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Caltrans Takes on $16.2M Interchange

Wed July 29, 2009 - West Edition
Erik Pisor

Typically, expanding a 0.2-mi. (0.3 km) stretch of highway from four lanes to six lanes and reconstructing four of the highway’s existing on/off ramps isn’t considered a large transportation project in San Luis Obispo County, Calif.

However, when the project also involves the demolition of two single span bridges which cross over the highway, and the construction of a new double span bridge, the project becomes notable, especially to a city with a population less than 30,000.

Located north of San Luis Obispo and south of Paso Robles, where Highway 101 meets Highway 41, the city of Atascadero is home to the $16.2 million Highway 101/41 Interchange project, which is aimed at increasing each highway’s capacity and improving access onto and off each highway.

“There is a lot of congestion on [Highway] 41, which is locally used. This [project] will help alleviate that,” said Colin Jones, public affairs for Caltrans District 5.

The project, which began in September 2007, has at times been challenging for Granite Construction, the general contractor, due to the staging/phasing of the project.

“In order to keep traffic moving along both Highway 101 and Highway 41, the project is broken up into four different stages with a total of 14 phases within the stages,” said Jeff Grimm, project manager and estimator for Granite, who was the lowest qualified bidder. “Careful planning has been required to ensure that all of the phases fit together.”

The major milestone during stage one was the construction of the middle portion of the new Highway 101 bridge.

Currently this portion of bridge is being used to detour traffic during stages two and three, which include demolishing the two existing single span, steel girder bridges and replacing them with a cast-in-place, box girder, double span bridge.

“The project is driven by the construction of the bridge,” Grimm said, explaining that for Highway 41 lane widening to occur underneath Highway 101, the two existing bridges first had to be demolished.

Following demolition of the two existing bridges, all the steel was salvaged and the bridge’s concrete was crushed onsite, into base, by a Kolberg Pioneer track mounted 4250 horizontal impactor portable crusher, which was cited as the only piece of specialty equipment utilized.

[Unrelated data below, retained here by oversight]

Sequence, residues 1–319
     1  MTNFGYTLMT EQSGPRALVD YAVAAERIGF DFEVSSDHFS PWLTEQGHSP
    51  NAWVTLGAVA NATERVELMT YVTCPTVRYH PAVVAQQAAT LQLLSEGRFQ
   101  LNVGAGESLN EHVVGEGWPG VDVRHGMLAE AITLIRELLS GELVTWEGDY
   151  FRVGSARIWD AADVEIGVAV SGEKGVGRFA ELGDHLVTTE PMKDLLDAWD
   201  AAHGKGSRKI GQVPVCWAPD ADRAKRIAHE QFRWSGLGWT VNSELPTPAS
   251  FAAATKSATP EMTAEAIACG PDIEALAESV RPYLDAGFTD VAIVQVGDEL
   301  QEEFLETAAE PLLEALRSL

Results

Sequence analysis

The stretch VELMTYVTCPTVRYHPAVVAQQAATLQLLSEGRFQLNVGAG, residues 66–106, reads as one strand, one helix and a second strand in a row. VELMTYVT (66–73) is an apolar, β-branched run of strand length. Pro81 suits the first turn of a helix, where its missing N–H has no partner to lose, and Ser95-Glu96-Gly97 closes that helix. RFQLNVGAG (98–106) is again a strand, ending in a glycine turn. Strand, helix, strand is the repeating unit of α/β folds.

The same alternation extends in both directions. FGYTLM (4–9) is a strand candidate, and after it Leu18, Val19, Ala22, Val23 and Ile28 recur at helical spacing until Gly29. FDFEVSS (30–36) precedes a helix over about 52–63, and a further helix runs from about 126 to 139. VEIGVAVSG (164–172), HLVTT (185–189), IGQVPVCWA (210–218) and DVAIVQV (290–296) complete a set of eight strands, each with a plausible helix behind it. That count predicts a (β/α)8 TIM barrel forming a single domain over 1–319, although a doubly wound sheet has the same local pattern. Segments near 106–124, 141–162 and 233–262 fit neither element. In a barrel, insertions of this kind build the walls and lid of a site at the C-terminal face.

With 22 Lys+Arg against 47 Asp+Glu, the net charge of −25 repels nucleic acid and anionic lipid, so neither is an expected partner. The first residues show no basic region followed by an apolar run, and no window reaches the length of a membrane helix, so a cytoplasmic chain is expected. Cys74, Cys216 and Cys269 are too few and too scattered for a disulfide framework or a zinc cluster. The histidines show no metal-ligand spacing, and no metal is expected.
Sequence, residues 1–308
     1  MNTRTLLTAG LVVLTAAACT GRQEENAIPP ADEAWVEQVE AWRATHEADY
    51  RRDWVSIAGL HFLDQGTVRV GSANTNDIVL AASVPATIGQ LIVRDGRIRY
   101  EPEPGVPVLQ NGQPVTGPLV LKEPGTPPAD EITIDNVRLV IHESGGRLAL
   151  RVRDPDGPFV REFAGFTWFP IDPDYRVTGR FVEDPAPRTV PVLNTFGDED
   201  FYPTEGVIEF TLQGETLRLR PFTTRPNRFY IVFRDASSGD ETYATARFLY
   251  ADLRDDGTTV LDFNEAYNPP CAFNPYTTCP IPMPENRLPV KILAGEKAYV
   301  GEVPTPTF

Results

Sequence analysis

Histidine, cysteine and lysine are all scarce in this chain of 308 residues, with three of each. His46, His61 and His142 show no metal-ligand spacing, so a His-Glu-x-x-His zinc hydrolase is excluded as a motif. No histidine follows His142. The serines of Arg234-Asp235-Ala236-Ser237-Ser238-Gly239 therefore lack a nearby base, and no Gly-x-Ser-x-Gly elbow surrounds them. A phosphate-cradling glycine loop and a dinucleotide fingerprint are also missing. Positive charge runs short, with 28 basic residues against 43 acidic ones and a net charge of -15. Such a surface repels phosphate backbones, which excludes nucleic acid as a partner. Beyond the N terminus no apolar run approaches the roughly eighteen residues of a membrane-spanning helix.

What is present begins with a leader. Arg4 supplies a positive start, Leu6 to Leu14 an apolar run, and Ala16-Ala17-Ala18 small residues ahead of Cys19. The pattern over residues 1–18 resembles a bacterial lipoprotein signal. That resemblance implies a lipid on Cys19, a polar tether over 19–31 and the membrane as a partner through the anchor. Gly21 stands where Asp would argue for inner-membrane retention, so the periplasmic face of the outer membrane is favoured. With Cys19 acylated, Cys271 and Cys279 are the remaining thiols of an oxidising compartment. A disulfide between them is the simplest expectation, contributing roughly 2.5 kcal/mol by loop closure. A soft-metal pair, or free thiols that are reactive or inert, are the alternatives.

Other pieces of equipment used onsite have included: Cat 330 excavators; Cat 140H motorgraders; Cat 623 scrapers; Cat 966, 950, 928 loaders; John Deere 710 backhoes; Cat D6 and John Deere 550 dozers; Cat padfoot compactors, various paving equipment; Bidwell screeds; 100- and 14-ton (90-t and 12.7-t) truck mounted cranes; and a 70-ton (63 t) crawler crane.

Granite or its subcontractors own the majority of equipment used on the project.

As of mid-May the deck for the new northbound portion of the Highway 101 bridge had been completed and the new northbound on-ramp, which will carry two additional lanes compared to the previous on-ramp, was nearly finished, Grimm said, adding this portion of construction is part of stage two.

Widening work associated with Highway 41 and the reconstruction of the other three existing on/off ramps also has progressed following bridge demolition, as a crew of five to 15 employees has worked mainly in daytime, single shifts with very little double shifting.

Stage three of the project, which has yet to begin, focuses on constructing the new southbound portion of the Highway 101 bridge.

“Before, the bridges only accommodated two lanes in each direction. The new bridge will have the future capacity to handle three lanes,” Grimm said.

Prior to beginning each stage of bridge construction, the staging/phasing of the project required Granite to place 8 ft. (2.4 m) of dirt at the site where upcoming bridgework would occur and surcharge it.

A surcharge is a vertical load that is applied at the ground surface or above the bottom of a footing as a soil consolidation method.

Granite was required to surcharge each bridge construction site because of the poor subgrade conditions onsite and the fact that the project involves increasing the grade on Highway 101 by 3 ft. (0.9 m).

While Granite had to import some dirt for the surcharge requirement, 73,250 cu. yds. (56,000 cu m) of earth was moved onsite, stockpiled and reused, Grimm said.

Following the three stages of bridge construction, stage four involves finishing up all lane widening on Highway 41, completing all on and off ramp work, and constructing a bike lane adjacent to a portion of Highway 41.

Throughout, construction lanes on Highway 41 have been reduced from two to one lane in each direction, and periodic ramp and Highway 101 closures have occurred.

However “collaborative and forward thinking” by all parties involved has helped reduce the impact of these delays, and allowed Granite to remain on schedule.

“Everything is on track. We’re about 50 percent complete in terms of contract time,” he said.

Currently the project is set for a summer 2010 completion.

When the project reaches completion 16,100 cu. yds. (12,300 cu m) of class 2 aggregate base; 19,600 tons (17,780 t) of asphalt concrete; 2,000 linear ft. (610 m) of pipe, both RCP and CSP; 2,416 cu. yds. (1,850 cu m) of structural concrete; 8,700 linear ft. (2,650 m) of steel pipe piling and 484,000 lbs. (219,540 kg) of reinforcing steel will have been used.

Key subcontractors on the project have included: C.C. Myers, bridge construction; Lee Wilson Electric, signals and lighting; Statewide Safety and Sign, project signage; Coral Construction, overhead sign structures; and Proline Striping, striping. CEG

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